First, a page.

50 NEXT X
    60 GOTO 60

  5. Jason Pittman

    Ugh. If not for that line number constraint, you could start at 32 instead of 64 and have it.

    1 CLS
    2 FOR X=64TO416STEP32:L=X/32:T$=STRING$(L,"*"):PRINT@X-28,T$;:PRINT@(X-19-L),T$;:PRINT@544-X+4,T$;:PRINT@557-X-L,T$;:NEXTX:GOTO2

    1. Allen Huffman Post author

      Oh wow. Black magic! I copied that text out to an editor on my iPad and saved it to my iCloud desktop, then I went to the XROAR emulator online and it has a button called RUN that let me browse to the file and it does the load and RUN. That’s very impressive. CLS isn’t required for the challenge. How much ?MEM before and after loading it does it show? I ended up with a 115 byte version (part 6 coming up) and yours looks smaller. This one didn’t put the single stars on the ends – was it supposed to?

    2. Allen Huffman Post author

      “*” can go to 42 and be slower but take up one less byte. Space after FOR can remove a second byte. NEXTX can be NEXT to save a third byte. Wow. I’m really impressed by this. I don’t understand how it works yet but I will be checking it out tomorrow.

      1. Jason Pittman

        Essentially, it’s just drawing four overlapping right-angle triangles.
        I think this first example is using 96 bytes. If you split it apart and REM out 3 of the 4 print statements, you’ll see exactly what it’s doing. I was just cheating and skipping the first (and thus last) lines here to make it fit in the screen without scrolling.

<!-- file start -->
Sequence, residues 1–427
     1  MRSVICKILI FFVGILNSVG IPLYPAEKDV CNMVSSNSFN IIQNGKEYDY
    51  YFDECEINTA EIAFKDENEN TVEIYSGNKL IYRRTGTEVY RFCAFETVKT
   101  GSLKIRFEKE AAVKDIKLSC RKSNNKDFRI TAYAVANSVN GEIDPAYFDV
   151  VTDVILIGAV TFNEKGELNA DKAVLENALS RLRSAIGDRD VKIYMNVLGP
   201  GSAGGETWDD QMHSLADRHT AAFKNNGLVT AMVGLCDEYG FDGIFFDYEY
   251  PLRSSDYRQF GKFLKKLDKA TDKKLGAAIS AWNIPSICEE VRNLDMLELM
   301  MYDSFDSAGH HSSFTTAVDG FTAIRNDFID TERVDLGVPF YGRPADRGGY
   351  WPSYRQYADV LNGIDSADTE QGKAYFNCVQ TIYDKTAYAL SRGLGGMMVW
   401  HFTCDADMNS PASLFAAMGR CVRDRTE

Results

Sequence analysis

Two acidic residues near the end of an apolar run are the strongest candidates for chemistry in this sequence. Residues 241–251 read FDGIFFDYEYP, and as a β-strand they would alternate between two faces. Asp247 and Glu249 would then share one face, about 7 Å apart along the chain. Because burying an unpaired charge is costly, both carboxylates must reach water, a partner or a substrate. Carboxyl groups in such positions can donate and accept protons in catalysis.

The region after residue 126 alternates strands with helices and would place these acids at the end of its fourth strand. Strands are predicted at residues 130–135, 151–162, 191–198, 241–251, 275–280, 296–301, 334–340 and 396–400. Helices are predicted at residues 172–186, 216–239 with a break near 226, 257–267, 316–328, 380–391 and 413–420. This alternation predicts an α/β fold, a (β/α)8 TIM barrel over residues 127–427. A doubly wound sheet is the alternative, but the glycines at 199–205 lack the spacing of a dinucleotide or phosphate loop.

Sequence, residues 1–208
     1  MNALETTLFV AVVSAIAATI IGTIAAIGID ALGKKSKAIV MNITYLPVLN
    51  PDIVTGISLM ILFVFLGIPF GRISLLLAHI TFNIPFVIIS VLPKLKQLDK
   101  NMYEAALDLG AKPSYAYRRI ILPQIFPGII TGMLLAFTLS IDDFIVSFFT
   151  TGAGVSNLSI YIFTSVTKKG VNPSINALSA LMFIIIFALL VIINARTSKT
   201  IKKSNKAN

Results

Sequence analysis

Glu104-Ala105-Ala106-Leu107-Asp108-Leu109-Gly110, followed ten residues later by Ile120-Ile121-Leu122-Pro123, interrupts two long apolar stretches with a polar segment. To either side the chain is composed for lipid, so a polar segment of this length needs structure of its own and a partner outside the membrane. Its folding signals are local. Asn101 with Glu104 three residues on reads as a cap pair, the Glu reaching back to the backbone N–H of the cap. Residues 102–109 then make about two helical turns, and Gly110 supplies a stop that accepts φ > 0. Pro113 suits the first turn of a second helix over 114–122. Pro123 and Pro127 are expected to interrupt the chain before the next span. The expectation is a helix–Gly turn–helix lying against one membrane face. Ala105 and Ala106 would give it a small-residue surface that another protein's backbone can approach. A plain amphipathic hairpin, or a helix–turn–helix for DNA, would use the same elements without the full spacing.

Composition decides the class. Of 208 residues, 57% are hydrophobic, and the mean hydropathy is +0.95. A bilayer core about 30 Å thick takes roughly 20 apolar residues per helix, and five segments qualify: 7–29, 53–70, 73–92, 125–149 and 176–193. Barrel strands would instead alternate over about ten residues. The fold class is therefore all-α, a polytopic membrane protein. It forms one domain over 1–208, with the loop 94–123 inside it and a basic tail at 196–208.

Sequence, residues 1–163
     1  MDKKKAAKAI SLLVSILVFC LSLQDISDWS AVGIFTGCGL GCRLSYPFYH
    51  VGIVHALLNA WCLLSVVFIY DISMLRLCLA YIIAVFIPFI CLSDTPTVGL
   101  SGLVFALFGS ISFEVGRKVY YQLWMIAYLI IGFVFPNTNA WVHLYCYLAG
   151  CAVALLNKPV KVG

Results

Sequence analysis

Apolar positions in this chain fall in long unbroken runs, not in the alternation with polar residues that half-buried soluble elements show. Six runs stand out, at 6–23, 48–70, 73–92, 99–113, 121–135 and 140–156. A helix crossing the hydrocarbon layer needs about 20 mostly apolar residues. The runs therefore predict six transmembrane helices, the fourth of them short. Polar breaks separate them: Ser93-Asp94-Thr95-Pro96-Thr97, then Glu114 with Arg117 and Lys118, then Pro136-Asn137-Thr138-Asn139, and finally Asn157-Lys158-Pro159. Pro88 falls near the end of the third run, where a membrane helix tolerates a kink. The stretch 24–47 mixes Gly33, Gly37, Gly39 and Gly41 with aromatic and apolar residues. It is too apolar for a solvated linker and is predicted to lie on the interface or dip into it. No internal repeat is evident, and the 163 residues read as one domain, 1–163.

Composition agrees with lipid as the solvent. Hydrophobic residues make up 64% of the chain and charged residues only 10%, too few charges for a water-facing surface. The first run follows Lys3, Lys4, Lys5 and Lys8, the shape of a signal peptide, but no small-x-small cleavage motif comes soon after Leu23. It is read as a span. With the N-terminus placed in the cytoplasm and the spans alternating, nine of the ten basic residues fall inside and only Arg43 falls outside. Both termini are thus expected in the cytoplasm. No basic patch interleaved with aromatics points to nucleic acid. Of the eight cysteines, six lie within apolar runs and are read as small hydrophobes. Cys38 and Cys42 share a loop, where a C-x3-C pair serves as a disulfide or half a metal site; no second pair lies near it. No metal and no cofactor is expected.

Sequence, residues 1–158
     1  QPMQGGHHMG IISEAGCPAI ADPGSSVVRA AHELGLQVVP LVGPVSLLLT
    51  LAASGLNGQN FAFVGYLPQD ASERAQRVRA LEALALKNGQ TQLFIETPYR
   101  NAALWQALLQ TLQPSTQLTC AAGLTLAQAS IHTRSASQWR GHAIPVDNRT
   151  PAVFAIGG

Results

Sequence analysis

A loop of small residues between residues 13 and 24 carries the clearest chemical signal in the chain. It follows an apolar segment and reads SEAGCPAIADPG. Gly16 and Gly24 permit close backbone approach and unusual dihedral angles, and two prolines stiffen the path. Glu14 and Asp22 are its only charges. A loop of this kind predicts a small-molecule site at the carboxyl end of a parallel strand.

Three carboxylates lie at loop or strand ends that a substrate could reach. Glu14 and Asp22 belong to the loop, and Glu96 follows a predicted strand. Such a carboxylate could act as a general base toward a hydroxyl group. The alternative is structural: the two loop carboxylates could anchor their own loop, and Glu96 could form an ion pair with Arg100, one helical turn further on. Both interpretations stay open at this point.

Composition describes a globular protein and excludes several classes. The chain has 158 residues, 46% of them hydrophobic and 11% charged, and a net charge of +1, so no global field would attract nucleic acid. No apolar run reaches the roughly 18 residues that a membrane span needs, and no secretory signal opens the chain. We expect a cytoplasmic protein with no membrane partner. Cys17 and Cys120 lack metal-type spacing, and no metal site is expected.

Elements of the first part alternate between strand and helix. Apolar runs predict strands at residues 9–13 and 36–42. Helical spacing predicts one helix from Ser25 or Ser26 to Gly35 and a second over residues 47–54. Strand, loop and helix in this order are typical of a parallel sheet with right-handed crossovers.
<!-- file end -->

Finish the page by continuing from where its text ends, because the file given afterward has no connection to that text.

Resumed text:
1 FORX=64TO416STEP32:L=X/32:T$=STRING$(L,42):PRINT@X-28,T$;:PRINT@(X-19-L),T$;:PRINT@544-X+4,T$;:PRINT@557-X-L,T$;:NEXT:GOTO1

        Now, if we want to print that first line, I’ll add an IF to make sure it isn’t on that last line, which will be outside the bounds and crash. It’s 98 bytes.

        1 FORX=32TO416STEP32:L=X/32:T$=STRING$(L,42):PRINT@X-28,T$;:PRINT@(X-19-L),T$;:IF X>32THEN PRINT@544-X+4,T$;:PRINT@557-X-L,T$;
        2 NEXT
        3 GOTO3

        Now, this COCO3 (WIDTH 40) example uses 88 bytes and shows the whole shape.


        Fun stuff! I probably shouldn’t have tinkered with this for so long. You should have your own contests like this!

        1. Allen Huffman Post author

          I think the CC3 version should be submitted. I didn’t submit list year, but did enjoy writing about it. But after six parts of working through it, your first attempt is way better!

          1. Jason Pittman

            Thanks…but the great think about what you’re doing is that it works for anything. This “star” challenge just happened to work well because I fiddled around long enough on this one example to figure out how to do the overlapping triangles in a single loop. But, I went back and played around with the Christmas tree one from last year, and came up with a similar pattern for it, too, but your compression was half the size.

          2. Allen Huffman Post author

            I didn’t even “see” the right triangles until you said that. Now it seems obvious, but I’m not sure I could figure that out. May I include your version in part 7?

          3. Allen Huffman Post author

            83 bytes. Wow. Just wow. Part 7 ends with a bang.


          4. Jason Pittman

            Sure! I didn’t see the triangles either for a long time. Sorry for posting so much jibberish leading up to it.

          5. Jason Pittman

            By the way…I was wrong. I’m not sure what kind of late-night math I was doing, but the working COCO3 one isn’t 88 bytes…it’s 100 bytes. I’ve got another different idea I’m going to try, and if I can beat that, I’m going to submit it.

  6. Jason Pittman

    Or finally…a working one for COCO3.


  7. Pingback: Tackling the Logiker 2022 Vintage Computing Christmas Challenge – part 7 | Sub-Etha Software

Leave a Reply

This site uses Akismet to reduce spam. Learn how your comment data is processed.